Warm weather is upon us and that also means it’s time to visit your local farmers’ market. This time of year is the best time to change eating habits because of the abundance of fruits and vegetables available for us. Over the past month as I drive between my two counties, Duplin and Sampson, I have seen an abundance of produce stands set up for easy access for consumers. These stands allow us direct access to local foods, which can provide a trickling effect for our county.
How is this beneficial? Research shows that eating foods that are grown nearby may lead you to consume more fresh fruits and vegetables. Just seeing the fresh produce stands with the abundance of strawberries and ripe tomatoes makes me crave them every time. Nothing can beat the flavor you get from a local grown tomato.
That being said, it also helps the consumer to make better food choices. By eating a diet high in fruits and vegetables we have a decreased risk of heart disease, some forms of cancer, and being overweight or obese. Local fruits and vegetables often taste better because it is picked ripe and doesn’t have to be shipped. This can also help you to follow the MyPlate guidelines which suggests half of your plate to consist of fruits and vegetables. Keep in mind that we want low fat and low sugar on our plates. Although I love my mom’s fried okra, it can still taste just as good baked!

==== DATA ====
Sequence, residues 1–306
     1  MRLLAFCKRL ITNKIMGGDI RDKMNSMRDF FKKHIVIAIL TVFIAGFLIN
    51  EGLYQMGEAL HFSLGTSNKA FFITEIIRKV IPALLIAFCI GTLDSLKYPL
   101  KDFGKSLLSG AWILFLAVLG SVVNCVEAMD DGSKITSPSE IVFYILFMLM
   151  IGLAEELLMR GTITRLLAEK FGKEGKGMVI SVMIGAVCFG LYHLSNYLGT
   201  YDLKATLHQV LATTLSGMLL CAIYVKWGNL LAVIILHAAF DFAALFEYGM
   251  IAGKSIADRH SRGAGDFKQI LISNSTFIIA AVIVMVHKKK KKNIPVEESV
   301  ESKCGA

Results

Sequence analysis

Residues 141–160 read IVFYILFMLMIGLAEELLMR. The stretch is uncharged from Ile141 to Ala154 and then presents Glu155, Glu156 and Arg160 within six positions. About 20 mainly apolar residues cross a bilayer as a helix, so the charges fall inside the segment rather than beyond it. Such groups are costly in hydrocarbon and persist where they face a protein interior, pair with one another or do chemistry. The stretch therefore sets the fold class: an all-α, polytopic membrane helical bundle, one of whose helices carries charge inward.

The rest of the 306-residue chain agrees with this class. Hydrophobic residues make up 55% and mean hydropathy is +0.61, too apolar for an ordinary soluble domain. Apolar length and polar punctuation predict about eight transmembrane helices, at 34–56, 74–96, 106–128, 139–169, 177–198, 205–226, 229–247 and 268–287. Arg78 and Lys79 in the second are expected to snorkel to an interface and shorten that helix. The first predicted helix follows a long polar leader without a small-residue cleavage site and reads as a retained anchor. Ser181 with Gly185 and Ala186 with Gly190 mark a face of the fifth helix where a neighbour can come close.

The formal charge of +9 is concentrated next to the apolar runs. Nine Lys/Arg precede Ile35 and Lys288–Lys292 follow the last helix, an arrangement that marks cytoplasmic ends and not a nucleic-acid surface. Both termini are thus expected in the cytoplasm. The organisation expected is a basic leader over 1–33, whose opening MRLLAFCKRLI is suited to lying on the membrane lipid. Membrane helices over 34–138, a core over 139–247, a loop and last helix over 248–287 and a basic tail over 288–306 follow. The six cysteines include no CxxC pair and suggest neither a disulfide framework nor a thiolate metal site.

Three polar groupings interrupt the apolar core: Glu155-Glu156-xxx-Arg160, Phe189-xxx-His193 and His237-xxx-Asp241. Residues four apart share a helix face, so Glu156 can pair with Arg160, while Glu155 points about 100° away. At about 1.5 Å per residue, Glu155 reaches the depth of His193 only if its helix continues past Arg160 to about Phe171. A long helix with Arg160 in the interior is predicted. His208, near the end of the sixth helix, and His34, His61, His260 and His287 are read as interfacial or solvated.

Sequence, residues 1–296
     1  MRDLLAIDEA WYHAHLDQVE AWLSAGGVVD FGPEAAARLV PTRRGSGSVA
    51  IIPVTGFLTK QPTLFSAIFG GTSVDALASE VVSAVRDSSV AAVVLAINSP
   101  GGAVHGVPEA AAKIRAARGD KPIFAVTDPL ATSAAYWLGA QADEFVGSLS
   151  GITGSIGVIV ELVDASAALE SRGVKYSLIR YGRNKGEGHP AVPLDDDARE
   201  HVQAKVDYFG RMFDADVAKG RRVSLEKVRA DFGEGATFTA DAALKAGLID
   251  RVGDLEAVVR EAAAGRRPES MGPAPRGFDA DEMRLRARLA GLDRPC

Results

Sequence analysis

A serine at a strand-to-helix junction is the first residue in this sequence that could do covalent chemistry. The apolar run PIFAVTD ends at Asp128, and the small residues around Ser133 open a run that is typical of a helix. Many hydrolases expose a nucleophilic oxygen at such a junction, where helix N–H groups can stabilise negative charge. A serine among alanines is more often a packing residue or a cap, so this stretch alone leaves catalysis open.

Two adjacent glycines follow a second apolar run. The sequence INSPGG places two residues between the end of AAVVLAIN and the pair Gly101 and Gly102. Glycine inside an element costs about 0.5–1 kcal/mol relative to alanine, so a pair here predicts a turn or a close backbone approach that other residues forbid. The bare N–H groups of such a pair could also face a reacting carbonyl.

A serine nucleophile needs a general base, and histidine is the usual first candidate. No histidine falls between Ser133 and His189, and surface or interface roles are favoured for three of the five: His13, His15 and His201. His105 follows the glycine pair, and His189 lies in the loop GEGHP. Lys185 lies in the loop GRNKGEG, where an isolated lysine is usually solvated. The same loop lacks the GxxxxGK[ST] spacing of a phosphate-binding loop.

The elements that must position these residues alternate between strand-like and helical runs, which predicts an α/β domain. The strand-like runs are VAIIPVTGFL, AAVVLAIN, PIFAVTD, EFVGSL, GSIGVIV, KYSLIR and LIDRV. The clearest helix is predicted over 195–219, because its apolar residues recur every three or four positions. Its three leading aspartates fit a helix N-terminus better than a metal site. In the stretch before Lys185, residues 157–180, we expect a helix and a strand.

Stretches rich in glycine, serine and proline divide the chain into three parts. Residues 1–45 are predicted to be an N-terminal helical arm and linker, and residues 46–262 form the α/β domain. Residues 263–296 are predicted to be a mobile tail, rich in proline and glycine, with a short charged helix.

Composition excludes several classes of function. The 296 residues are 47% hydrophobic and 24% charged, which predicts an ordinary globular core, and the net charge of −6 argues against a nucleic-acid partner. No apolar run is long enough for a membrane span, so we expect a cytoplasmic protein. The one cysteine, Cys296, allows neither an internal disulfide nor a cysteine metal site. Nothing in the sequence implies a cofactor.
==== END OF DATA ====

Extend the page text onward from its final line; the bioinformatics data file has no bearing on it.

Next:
Spending money locally can also help us support the local economy. This can provide money for jobs and local businesses. It also supports our local farmers, helps with farmland preservation, and helps keep Sampson county friendly with community interaction.
Get the most nutrients from your food and eat local. Visit the Clinton Farmers’ Market on Wednesdays, Fridays, and Saturdays from 9AM – 2PM. You can also stop by the Cooperative Extension office for some recipes from The Produce Lady, a program from NC Cooperative Extension with hundreds of seasonal recipes (http://www.theproducelady.org/).
Sydney Johnson is an area Family & Consumer Sciences extension agent, with the North Carolina Cooperative Extension Service. She can be reached by calling the Sampson County Center at 910-592-7161.